Frank Sinatra plays Joe E. Lewis, a famous comedian of the 1930s-50s. When the movie opens, Lewis is a young, talented singer who performs in speakeasies. When he bolts one job for another,... See full summary »
Joey Evans is charming, handsome, funny, talented, and a first class, A-number-one heel. When Joey meets the former chorus girl ("She used to be 'Vera...with the Vanishing Veils'") and now ... See full summary »
1896, Montmartre: the Can-Can, the dance in which the women lift their skirts, is forbidden. Nevertheless Simone has it performed every day in her night club. Her employees use their female... See full summary »
Granting her final request, a Hollywood press agent brings the dead body of an actress, who died after making her first and only film, back to her hometown for burial. To arouse public ... See full summary »
Chuck Redwell is a gambling cowboy who discovers that he's lucky at the roulette wheel if he holds hands with dancer Marie. However, Marie doesn't like to hold hands with him, at least not ... See full summary »
Sam Laker is an American industrialist, working in Britain, who has just been awarded an international award for industrial design. He is planning to travel to East Germany to attend a ... See full summary »
Sidney J. Furie
The Wolves baseball team gets steamed when they find they've been inherited by one K.C. Higgins, a suspected "fathead" who intends to take an active interest in running the team. But K.C. ... See full summary »
In prohibition-era Chicago, the corrupt sheriff and Guy Gisborne, a south-side racketeer, knock off the boss Big Jim. Everyone falls in line behind Guy except Robbo, who controls the north ... See full summary »
Sammy Davis Jr.
In the post-war, the alcoholic and bitter veteran military and former writer Dave Hirsch returns from Chicago to his hometown Parkman, Indiana. He is followed by Ginnie Moorehead, a vulgar ... See full summary »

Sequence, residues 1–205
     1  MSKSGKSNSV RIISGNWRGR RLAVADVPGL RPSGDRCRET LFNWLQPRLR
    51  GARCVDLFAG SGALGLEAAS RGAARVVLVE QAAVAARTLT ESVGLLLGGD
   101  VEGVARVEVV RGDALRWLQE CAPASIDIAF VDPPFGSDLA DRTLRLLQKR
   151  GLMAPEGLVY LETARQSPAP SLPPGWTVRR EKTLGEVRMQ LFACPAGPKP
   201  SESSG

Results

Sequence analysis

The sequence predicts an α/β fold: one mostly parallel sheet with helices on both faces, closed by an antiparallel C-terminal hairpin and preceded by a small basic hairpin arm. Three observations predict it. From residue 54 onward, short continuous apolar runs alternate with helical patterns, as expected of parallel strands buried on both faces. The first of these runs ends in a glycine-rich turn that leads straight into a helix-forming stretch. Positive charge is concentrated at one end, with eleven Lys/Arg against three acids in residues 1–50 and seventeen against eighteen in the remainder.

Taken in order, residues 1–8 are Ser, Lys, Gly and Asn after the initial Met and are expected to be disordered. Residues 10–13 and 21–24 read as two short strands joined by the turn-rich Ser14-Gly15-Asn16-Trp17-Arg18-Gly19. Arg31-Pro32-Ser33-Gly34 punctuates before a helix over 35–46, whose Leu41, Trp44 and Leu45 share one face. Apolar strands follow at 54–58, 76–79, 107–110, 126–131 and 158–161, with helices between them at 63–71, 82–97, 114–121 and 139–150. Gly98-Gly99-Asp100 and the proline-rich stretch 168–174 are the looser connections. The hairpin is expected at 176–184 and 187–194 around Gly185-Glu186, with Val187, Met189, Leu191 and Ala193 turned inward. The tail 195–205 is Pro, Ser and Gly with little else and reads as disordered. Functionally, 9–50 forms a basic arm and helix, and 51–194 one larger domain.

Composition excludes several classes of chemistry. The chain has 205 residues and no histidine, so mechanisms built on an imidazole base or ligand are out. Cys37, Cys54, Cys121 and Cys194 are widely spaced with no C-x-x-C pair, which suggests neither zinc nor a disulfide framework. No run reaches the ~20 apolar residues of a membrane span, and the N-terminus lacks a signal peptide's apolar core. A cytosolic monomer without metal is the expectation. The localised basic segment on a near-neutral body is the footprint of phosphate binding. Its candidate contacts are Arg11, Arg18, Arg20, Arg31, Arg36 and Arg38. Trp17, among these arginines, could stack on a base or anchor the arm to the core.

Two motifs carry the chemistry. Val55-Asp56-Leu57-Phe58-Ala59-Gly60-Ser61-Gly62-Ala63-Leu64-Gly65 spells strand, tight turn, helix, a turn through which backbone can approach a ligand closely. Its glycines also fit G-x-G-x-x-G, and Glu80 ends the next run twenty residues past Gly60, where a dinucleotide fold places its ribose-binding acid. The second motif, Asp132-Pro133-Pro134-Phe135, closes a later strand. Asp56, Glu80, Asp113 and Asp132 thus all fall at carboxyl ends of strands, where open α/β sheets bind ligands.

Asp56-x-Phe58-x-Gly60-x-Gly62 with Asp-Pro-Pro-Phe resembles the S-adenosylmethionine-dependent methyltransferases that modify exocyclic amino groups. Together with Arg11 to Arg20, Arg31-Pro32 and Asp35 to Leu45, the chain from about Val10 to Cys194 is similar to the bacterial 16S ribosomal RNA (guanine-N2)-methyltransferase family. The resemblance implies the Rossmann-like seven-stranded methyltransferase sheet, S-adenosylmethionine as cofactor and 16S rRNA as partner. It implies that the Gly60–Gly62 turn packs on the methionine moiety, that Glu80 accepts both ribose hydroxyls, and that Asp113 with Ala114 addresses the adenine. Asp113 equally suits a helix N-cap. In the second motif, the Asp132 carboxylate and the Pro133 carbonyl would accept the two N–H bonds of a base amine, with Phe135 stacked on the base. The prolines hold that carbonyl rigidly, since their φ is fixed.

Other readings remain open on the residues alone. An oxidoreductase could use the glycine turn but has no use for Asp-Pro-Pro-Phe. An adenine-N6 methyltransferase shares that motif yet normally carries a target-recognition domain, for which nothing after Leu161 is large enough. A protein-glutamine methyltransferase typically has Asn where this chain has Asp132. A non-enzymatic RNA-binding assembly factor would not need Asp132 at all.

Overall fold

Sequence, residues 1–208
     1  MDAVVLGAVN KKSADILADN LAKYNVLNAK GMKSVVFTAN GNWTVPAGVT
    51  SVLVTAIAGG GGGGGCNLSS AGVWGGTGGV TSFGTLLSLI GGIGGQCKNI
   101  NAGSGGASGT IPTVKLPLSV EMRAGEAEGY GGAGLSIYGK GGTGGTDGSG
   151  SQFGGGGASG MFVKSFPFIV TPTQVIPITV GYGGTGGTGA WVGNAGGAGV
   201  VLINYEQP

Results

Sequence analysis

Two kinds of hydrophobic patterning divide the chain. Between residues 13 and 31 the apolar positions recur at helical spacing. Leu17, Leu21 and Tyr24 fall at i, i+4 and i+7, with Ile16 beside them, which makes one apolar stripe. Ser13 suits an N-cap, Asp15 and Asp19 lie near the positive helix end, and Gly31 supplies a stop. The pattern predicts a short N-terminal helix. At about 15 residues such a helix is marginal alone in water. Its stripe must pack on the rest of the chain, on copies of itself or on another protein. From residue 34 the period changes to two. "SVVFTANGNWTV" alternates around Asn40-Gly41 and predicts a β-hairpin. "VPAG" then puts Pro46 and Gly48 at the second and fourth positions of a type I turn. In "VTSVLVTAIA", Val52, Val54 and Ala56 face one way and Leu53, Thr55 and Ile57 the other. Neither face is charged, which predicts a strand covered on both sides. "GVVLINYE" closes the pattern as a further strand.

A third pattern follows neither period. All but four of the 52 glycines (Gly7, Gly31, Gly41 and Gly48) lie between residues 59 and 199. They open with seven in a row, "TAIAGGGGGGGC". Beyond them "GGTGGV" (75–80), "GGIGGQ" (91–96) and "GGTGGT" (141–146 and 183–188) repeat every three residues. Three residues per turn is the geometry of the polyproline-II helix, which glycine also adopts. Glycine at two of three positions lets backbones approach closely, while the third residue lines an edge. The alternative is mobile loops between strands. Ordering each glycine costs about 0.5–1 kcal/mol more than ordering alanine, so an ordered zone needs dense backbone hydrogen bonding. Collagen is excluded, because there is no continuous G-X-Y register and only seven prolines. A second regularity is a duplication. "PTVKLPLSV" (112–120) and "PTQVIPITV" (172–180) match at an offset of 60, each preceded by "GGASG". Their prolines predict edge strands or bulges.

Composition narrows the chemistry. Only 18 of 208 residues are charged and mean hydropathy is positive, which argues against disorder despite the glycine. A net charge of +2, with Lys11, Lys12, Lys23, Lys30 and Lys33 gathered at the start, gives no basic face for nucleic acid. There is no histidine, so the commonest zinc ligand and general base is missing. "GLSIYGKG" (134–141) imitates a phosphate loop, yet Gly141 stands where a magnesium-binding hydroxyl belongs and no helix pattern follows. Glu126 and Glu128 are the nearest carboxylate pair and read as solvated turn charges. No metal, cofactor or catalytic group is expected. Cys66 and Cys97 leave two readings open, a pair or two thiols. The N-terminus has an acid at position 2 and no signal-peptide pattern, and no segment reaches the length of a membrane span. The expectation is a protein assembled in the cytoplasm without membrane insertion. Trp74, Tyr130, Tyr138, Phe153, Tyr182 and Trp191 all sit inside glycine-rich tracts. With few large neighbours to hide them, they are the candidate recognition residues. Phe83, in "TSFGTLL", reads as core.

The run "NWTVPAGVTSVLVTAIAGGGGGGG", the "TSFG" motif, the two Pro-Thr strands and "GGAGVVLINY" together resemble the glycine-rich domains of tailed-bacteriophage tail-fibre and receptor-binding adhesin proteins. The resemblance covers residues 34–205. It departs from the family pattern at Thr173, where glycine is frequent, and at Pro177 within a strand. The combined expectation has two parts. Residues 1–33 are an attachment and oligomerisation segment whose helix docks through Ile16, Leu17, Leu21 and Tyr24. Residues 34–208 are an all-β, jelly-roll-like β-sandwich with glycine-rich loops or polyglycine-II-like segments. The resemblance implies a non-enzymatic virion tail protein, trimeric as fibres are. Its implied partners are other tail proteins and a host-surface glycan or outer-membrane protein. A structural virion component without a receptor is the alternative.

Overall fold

Frank Sinatra plays Joe E. Lewis, a famous comedian of the 1930s-50s. When the movie opens, Lewis is a young, talented singer who performs in speakeasies. When he bolts one job for another, the mob boss who owns the first speakeasy has his thugs try to kill Lewis. Lewis survives, but his vocal cords are cut and he cannot sing. Several years later, his buddy tracks him down and tries to help him with little success. That attempt, though, leads to Lewis meeting Letty Page (Jeanne Crain). They fall in love and she inspires him to follow up on an offer to become a comedian (a result of his buddy's failed attempt to rejuvenate his singing career). Lewis has problems, though. The assault that nearly cost him his life also helped turn him into an alcoholic and an inveterate gambler. These two character defects become the basis for his act and help to make him a smash success. Unfortunately, they also work to wreak havoc in his personal life. Written by
In real life, Danny Cohen owned the club in which Joe E. Lewis first worked. When Lewis defected for more money, Cohen gave mobster Jack "Machine Gun" McGurn (real name: Vincenzo Antonio Gebhardi), a lieutenant in Al Capone's mob, a 25% share in the club in return for his persuading Lewis to stay. McGurn's method of persuasion was the beating which Lewis received. See more »
When Joe is looking at the building directory, the close-up shows "MORRIS WILLIAM". Yet in the next shot as Joe turns to go to the elevator, it says "MORRIS Wm" See more »
When The Joker Is Wild first came out I saw it at the Nostrand Theatre in Brooklyn, New York. It was the best possible first exposure to Frank Sinatra. He is first rate in this biographical film about the life of Joe E. Lewis. Later on in his film career, Sinatra walked through a lot of roles, but not in this. This is a perfect blend of his persona being tailor made for the part. The supporting cast of Eddie Albert, Jeanne Crain, Mitzi Gaynor, Jackie Coogan, Beverly Garland are also well cast and give Frank excellent support. I have a bootleg copy of this movie, but hopefully Paramount will put this out one day.
The song All the Way is interestingly used in the film. When Joe E. Lewis is a cabaret singer, Sinatra sings it and of course first rate. Later on after the mobsters try to cut his throat and damage his vocal cords, it's used in the background as a reminder of what he had lost.
I don't know if the real Joe E. Lewis ever did any records from back in the twenties. I have heard him do some of his stand-up routines in that gravelly voice the gangsters left him with. Sinatra might have ruptured his own valuable vocal cords if he ever tried to really imitate Lewis. Still it's a marvelous performance.
All the Way won the Oscar in 1957 for Best Original Song, it was the first time a Sinatra song was so honored. Frank was never in better voice and it remains to this day my favorite Sinatra record.
Don't ever miss The Joker Is Wild when it's broadcast.
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